on a European voyage, without great repairs, which will naturally subject her to a considerable detention, and as her cargo consists of a perishable commodity, he shall dispose of it at Martinique, pay the captain his freight, what damages he may be entitled to, and shall give him permission to take his departure. Indeed the General insists that the cargo should be disposed of, as the island is in great want of flour, and as the sales will be more advantageous to the owners here, it may make the misfortune less heavy on the concerned. The proceeds, after paying the necessary expenses of the vessel, shall be placed [continues Mr. Bingham] to the credit of the Commercial Committee of Congress, to assist in paying the advances which he had made at Martinique on the public account; and he is the more inclined to convert it to this use as he is persuaded that Congress will not have to reimburse it until the claim of the real owner in Europe is made clear and manifest. It appeared by an account of sales, signed by Mr. Bingham on 8 May, 1779, that the flour had been sold, at different periods from 21 January to 8 May, 1779, and that the net proceeds, which he placed 'to the credit of the Owners of prize flour,' amounted to livres 107,621 14 6."
The owners of the Pilgrim being dissatisfied with the proceedings that had taken place in relation to the cargo of the Hope, instituted in the Common Pleas of Suffolk County, Massachusetts, an action of trover for the 1,000 barrels of flour, in the name of William Carlton, the prize master, against Mr. Bingham, and attached Mr. Bingham's property, in the hands of Mr. Thomas Russel, of Boston, to answer the judgment of the court. To this action (which was brought to October Term, 1779) the defendant pleaded not guilty, issue was thereupon joined, and judgment was rendered for the defendant. An appeal was brought to the Supreme Judicial Court of Massachusetts, at February Term, 1781, by William Carlton; it was tried on 17 February, 1784; a verdict was given for Mr. Bingham the defendant, and judgment was entered accordingly. When this action at law was commenced, Mr. Bingham by a letter dated at Martinique, 6 October, 1779, and addressed to the Commercial Committee of Congress, remonstrated against the proceeding, as he had acted bona fide, in his official character, and Congress passed the following resolutions upon the subject:
"November 30, 1779. Resolved, That Mr. Bingham's letter of 6 October last, with the papers enclosed therein, and marked No. 1, 2, 3, 4, together with a certified copy of his appointment to the place of Continental Agent, be transmitted by the President to the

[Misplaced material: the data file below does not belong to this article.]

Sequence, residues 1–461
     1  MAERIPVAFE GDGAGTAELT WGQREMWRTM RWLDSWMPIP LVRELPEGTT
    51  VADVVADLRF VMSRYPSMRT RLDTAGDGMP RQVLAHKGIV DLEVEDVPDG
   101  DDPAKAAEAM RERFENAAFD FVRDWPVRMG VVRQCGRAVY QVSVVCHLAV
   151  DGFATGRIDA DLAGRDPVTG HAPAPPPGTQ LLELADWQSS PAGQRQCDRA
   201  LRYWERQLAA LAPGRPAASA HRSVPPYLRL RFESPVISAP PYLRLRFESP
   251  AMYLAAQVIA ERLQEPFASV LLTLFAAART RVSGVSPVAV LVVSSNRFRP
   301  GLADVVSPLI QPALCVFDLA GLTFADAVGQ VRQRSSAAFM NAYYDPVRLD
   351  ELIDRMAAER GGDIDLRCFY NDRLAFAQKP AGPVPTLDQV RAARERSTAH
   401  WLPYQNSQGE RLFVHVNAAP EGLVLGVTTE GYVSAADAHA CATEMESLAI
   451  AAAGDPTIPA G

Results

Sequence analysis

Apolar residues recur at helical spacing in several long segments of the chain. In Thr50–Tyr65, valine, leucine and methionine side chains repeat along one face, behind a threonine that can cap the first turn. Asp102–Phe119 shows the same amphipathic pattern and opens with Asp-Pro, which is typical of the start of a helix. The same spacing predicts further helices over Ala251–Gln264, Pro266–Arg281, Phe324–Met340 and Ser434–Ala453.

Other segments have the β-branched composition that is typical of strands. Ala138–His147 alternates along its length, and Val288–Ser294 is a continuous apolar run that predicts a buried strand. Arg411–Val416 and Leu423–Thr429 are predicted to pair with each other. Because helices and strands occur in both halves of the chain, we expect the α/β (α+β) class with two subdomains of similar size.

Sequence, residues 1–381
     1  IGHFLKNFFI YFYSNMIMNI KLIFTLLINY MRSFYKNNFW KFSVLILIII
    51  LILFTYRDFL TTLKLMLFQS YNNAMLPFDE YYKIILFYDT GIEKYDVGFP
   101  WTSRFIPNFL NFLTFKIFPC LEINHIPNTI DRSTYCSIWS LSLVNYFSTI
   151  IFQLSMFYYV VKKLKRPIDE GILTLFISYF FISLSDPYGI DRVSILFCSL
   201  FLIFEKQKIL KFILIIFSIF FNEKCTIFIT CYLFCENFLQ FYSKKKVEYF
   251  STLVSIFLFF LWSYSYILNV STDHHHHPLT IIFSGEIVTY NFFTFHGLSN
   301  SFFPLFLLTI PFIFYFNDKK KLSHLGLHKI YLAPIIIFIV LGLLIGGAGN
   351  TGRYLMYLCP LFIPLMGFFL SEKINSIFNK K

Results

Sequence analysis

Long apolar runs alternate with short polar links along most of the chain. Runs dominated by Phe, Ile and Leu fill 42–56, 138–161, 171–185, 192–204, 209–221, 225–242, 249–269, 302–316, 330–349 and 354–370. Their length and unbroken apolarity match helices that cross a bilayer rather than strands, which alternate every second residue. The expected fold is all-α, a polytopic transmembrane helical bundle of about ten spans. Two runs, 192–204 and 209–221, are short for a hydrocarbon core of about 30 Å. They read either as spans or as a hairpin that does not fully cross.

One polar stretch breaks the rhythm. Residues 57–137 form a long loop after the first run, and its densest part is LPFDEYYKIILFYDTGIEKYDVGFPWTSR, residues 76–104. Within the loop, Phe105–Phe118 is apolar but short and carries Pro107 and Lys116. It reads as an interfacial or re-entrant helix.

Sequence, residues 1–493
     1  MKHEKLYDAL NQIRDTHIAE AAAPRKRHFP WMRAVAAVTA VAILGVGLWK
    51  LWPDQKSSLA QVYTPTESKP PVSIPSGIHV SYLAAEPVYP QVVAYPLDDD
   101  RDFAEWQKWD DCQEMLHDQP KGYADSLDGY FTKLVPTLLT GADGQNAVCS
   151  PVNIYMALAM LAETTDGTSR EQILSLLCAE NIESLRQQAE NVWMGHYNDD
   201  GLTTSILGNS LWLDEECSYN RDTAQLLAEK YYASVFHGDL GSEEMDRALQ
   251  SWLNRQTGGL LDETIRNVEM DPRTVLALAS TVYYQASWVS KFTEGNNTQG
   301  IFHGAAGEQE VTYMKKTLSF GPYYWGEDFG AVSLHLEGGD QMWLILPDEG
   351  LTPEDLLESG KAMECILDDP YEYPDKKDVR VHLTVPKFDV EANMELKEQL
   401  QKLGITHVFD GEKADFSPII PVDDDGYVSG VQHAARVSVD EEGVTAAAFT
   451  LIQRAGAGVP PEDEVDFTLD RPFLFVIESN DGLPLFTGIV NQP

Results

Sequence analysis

Legislature of the State of Massachusetts Bay, with the following letter: "
" I am directed by Congress to transmit to you the enclosed papers from Mr. Bingham. They contain an account of his proceedings relative to a vessel, said to be Danish property, captured by the sloop Pilgrim, and carried into Martinique, about which, as he says, a suit is now commenced against him in your superior court. Upon a full examination of the papers, you will judge of the measures which ought to be adopted to prevent, on the one hand, injustice to individuals, and on the other the embarrassment of agents who are obliged to conform to the will of the ruling powers at the place of their residence. As courts are now instituted at Martinique for the trial of such causes, Congress submit to you whether it would not be advisable to stop the suit already commenced, till judgment is obtained upon the principal question, after which it will be in Mr. Bingham's power to discharge himself, by delivering to the true owners the property placed in his hands for their use. If you should be of a contrary opinion, they request you to furnish Mr. Bingham's agent with the enclosed papers. I am, &c."
The Legislature of Massachusetts taking no order on this application, Congress again entered upon the subject, and on 20 June, 1780,
"Resolved that the General of Martinique, in ordering the cargo of the brig Hope to be sold, and the money to be deposited in the hands of Mr. W. Bingham till the legality of the capture could be proved (no courts being at that time instituted for the determining of such captures in that island) showed the strictest attention to the rights of the claimants and the highest respect to the opinion of Congress: "
"That Mr. W. Bingham, in receiving the same, only acted in obedience to the commands of the General of Martinique, and in conformity with his duty as agent for the United States."
"Resolved that Congress will defray all the expenses that Mr. William Bingham may be put to by reason of the suits now depending, or which may hereafter be brought against him in the State of Massachusetts Bay, on account of the brig Hope or her cargo claimed as prize by the owners, master, and mariners of the private ship of war called the Pilgrim."
"And whereas the goods of the said William Bingham to a very considerable amount are attached in the said suits now depending in the hands of the factors of the said W. Bingham to his great injury, "
"Resolved that the General court of the State of Massachusetts Bay, be requested to discharge the property of the said W. Bingham from the said attachment, Congress hereby pledging themselves to pay all such sums of money, with costs of suit, as may be recovered against the said W. Bingham in either or both the above actions."
"Resolved that the Navy Council at Boston be directed to give such security, in the name of the United States, as the court may require, and to direct the counsel now employed by Mr. Bingham in the defense of the said actions."